Divorce behavior: with kids in mind, a few thoughtful comments

| Mar 13, 2015 | Divorce |

Hero or cad. Nurturer or despoiler. Team builder or relationship wrecker.

Such dichotomies logically emerge for many couples during divorce negotiations and following the execution of a divorce decree.

Feelings are hurt. Bridges are burnt. Things are obviously tense between the divorcing or just-divorced parties — after all, marital dissolution is the flip side of that initial walk down the aisle and all its beckoning potential.

A recent media piece penned by a divorce columnist offers some candid and sage advice for how adults with children should act during the lead up to divorce and at all times thereafter. In what is essentially a primer on kids, divorce and sound parenting, that writer talks about the steps that caring parents — albeit combating partners — should take to ensure that their children grow up healthy following a marital split.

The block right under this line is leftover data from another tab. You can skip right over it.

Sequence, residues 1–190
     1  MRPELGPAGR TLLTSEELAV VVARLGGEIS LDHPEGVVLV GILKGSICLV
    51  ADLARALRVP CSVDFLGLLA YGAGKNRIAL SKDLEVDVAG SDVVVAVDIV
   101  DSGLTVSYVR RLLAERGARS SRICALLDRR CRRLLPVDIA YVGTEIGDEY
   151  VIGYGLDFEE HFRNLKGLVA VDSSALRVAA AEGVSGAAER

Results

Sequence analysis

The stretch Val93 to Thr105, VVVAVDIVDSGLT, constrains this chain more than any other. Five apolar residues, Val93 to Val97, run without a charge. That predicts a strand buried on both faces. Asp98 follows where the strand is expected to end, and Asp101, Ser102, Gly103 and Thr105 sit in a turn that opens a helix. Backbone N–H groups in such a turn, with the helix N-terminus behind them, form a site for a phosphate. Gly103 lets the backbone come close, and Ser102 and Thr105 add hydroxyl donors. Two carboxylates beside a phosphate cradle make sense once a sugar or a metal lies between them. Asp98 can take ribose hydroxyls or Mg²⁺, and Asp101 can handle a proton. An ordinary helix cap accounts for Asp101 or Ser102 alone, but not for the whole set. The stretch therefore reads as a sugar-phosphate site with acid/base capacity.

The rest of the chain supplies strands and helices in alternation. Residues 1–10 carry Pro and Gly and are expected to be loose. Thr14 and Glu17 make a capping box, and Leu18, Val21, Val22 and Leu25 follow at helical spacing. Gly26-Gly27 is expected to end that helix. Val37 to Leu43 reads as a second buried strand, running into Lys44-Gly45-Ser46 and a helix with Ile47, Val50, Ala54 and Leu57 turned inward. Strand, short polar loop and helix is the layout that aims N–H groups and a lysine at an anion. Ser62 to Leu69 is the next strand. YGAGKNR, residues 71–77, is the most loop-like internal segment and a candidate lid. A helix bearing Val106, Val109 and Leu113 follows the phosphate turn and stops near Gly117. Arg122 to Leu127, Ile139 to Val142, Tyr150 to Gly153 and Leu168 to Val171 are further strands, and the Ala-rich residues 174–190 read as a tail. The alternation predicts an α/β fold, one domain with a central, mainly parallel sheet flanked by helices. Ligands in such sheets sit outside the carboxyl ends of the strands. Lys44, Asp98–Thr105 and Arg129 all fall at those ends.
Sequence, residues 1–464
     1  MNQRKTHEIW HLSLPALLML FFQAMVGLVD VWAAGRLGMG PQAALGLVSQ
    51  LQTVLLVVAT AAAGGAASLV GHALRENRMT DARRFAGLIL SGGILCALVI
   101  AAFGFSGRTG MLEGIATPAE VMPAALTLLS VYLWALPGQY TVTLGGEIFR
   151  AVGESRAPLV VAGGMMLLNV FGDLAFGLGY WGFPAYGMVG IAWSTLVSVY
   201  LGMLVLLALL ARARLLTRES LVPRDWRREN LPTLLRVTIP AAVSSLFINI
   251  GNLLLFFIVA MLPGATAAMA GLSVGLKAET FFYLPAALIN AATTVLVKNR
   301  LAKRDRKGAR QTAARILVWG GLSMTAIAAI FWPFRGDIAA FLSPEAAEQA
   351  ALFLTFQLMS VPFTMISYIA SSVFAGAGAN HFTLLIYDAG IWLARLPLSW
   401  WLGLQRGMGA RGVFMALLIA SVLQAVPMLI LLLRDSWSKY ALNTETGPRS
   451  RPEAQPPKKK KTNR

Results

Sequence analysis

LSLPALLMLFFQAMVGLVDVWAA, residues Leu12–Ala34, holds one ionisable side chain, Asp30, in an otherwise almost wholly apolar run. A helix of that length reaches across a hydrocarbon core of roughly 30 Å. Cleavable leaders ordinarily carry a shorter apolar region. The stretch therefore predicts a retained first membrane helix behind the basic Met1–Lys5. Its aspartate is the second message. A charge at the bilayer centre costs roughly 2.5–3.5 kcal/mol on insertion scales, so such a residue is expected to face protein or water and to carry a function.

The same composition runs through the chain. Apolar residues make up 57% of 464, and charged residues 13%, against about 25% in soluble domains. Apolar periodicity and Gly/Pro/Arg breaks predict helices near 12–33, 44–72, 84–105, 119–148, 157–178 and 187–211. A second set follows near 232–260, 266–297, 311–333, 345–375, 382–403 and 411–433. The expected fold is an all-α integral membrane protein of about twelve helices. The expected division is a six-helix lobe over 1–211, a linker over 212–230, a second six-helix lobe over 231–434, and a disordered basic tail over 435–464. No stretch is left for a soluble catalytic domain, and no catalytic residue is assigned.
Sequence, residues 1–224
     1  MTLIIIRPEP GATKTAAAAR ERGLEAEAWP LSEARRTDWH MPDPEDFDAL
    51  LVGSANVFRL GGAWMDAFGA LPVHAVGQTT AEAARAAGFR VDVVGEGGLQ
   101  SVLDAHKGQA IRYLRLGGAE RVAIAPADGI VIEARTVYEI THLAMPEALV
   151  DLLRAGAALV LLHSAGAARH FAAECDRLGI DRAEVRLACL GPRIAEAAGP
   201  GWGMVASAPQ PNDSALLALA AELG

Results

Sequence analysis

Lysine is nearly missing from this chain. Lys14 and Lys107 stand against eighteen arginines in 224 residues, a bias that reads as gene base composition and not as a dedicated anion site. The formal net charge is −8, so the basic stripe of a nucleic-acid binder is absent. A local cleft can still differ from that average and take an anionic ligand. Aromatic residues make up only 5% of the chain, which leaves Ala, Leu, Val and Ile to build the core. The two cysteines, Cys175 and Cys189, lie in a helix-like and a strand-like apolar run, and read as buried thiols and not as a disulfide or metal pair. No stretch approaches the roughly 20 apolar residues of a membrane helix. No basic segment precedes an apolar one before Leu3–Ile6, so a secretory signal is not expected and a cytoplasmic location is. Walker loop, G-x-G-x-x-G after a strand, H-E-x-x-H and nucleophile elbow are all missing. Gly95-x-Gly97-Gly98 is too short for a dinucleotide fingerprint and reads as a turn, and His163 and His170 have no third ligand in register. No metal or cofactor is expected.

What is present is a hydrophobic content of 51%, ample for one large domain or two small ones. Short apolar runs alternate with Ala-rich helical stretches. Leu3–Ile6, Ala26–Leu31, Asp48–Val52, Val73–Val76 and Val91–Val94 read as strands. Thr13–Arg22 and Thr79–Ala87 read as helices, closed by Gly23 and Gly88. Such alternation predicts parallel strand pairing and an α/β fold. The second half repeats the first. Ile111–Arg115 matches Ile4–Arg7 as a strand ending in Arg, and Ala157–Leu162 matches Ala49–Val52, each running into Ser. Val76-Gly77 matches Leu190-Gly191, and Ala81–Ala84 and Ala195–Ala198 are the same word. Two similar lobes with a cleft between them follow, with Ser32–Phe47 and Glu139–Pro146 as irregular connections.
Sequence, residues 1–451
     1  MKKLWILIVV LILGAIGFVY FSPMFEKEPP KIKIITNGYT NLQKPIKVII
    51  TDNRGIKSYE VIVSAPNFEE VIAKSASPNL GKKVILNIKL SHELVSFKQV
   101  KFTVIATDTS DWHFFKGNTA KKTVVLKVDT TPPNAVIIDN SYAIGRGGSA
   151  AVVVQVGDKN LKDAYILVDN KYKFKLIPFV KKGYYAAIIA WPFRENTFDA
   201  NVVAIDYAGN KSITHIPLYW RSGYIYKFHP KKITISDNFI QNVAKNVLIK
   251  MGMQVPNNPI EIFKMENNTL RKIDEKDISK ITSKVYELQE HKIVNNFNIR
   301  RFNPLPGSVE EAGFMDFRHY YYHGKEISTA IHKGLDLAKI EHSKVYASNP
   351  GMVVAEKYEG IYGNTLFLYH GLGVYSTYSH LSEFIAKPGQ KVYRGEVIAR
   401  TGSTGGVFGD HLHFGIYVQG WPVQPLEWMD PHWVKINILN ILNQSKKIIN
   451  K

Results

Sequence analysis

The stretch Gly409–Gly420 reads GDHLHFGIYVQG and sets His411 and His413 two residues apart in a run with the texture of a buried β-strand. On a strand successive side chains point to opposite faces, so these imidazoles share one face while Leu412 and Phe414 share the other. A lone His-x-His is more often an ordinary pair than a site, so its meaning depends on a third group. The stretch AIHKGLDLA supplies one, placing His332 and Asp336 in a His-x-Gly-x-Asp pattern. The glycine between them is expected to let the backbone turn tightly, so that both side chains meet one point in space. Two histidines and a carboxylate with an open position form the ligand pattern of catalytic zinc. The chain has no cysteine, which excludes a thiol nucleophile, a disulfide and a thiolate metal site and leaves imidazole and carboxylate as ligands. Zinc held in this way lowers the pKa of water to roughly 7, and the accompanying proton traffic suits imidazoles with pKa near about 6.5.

One immediately notable point is the stressing of divorce mediation as opposed to the adversarialism that frequently marks the formal courtroom process. The writer likens that to “an ugly street fight.”

Mediation is obviously not for every divorcing person, but the process can make great sense for parents seeking to keep things as civil as possible.

What also makes sense is honesty — to a degree. What that means is fully and timely informing kids about an impending split, but only to the point where they can comprehend things. What the above-cited post strongly recommends is a so-called “mutual story” told by both parents together. That tale should underscore the lack of fault in the children and the certainty that, despite obvious changes upcoming, the family will continue to be viable going forward.

And here’s a strong piece of advice for parents, especially moms and dads who can hardly restrain themselves from denigrating each other in front of the kids: Suck it up, “taking every opportunity possible to speak positively about your co-parent.”

Kids need a unified front of love, not parental division and sniping.

We will have a bit more to say about divorce mediation in our next blog post.

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